Being a high-end Lexus you get toys galore. They include a Qi wireless charging tray for your mobile phone, Lexus’ new Remote Touch Interface touch pad control system, a 360-degree panoramic view monitor that can give you a funky bird’s eye view of the car and its immediate surroundings and a 6.2-inch head-up display.
Touchpad falls easily to finger
The Remote Touch Interface deserves a few words because it is a Rather Good Idea. Drag your finger over the touchpad on the centre console and a highlight marker moves from one button to the next on the high-mounted display; up, down, left, right or diagonally. Just tap the touchpad to select.
As a way of navigating a complex interface while on the move it's a winner because you can keep your eyes on the road and the display – at more or less the same time – and not have to look at the touchpad at all. My review car also came with a 14-speaker Mark Levinson stereo which was, quite simply, stunning.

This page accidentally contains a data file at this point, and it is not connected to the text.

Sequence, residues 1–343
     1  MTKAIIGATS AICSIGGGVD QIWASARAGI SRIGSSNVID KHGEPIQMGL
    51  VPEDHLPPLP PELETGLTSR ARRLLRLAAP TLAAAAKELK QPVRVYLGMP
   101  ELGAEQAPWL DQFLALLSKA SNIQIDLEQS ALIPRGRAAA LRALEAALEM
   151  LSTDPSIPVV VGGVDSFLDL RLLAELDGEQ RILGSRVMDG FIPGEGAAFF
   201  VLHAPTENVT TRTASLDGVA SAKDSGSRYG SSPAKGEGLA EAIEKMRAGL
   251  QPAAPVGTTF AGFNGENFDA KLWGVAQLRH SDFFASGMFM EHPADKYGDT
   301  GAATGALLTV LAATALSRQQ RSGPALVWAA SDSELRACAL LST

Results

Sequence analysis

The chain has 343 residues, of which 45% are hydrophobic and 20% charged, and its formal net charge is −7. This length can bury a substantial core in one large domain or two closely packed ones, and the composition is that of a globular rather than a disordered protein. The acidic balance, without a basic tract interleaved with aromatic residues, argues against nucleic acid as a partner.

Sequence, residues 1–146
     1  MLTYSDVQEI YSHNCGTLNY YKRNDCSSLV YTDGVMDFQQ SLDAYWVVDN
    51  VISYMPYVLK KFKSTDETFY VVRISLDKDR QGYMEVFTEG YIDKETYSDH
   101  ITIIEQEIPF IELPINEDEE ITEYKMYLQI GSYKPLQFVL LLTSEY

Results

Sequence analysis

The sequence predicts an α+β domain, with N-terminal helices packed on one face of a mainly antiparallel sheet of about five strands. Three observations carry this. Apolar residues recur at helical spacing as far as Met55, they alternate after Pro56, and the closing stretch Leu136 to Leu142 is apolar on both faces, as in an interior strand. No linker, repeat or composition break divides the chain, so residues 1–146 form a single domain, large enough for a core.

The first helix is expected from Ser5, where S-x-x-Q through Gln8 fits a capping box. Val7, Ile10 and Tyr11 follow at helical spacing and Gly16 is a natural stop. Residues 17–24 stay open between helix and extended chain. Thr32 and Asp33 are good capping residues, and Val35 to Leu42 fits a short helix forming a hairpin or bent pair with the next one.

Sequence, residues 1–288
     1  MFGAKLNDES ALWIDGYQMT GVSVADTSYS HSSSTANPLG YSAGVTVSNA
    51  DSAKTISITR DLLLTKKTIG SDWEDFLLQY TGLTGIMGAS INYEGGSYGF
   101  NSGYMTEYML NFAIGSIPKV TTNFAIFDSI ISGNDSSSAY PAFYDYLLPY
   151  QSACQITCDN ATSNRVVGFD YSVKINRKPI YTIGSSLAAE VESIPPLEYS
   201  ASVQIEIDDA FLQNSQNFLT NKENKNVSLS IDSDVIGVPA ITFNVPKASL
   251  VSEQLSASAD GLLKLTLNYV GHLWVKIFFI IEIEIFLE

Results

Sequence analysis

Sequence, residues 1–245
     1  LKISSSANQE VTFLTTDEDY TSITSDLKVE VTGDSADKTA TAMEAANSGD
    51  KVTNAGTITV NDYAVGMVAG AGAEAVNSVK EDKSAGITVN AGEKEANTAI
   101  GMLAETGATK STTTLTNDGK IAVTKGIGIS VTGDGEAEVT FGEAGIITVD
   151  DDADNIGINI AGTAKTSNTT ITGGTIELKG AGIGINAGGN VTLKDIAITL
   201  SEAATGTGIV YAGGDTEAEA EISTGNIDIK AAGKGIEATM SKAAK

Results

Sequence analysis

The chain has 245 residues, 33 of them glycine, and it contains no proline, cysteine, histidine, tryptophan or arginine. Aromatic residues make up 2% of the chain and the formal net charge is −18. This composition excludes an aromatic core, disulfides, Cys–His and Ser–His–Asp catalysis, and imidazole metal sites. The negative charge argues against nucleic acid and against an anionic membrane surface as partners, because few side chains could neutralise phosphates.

New Lexus family nose can scare the children and the horses
The Reg Verdict
The NX300h is not an easy car to nail down. It’s not a true 4x4 SUV, not a 4-door sports coupé and not a load hauler. Like the Nissan Juke, it’s a semi-tough style statement for urban types. As far as that goes, it does a good job.
If you don’t intend driving over any mountains or moving huge wardrobes it’s a practical and luxurious hatchback that is enjoyable to drive. £44,000 is a lot for a style statement, even one as specced up to the hilt and well screwed together as the top of the line Lexus NX300h I drove.
Still, the target demographic (remember, the TV commercials feature will.i.am) are unlikely to be disappointed if they take the plunge. And being a Lexus it won’t break down and dealer support will be tip-top. ®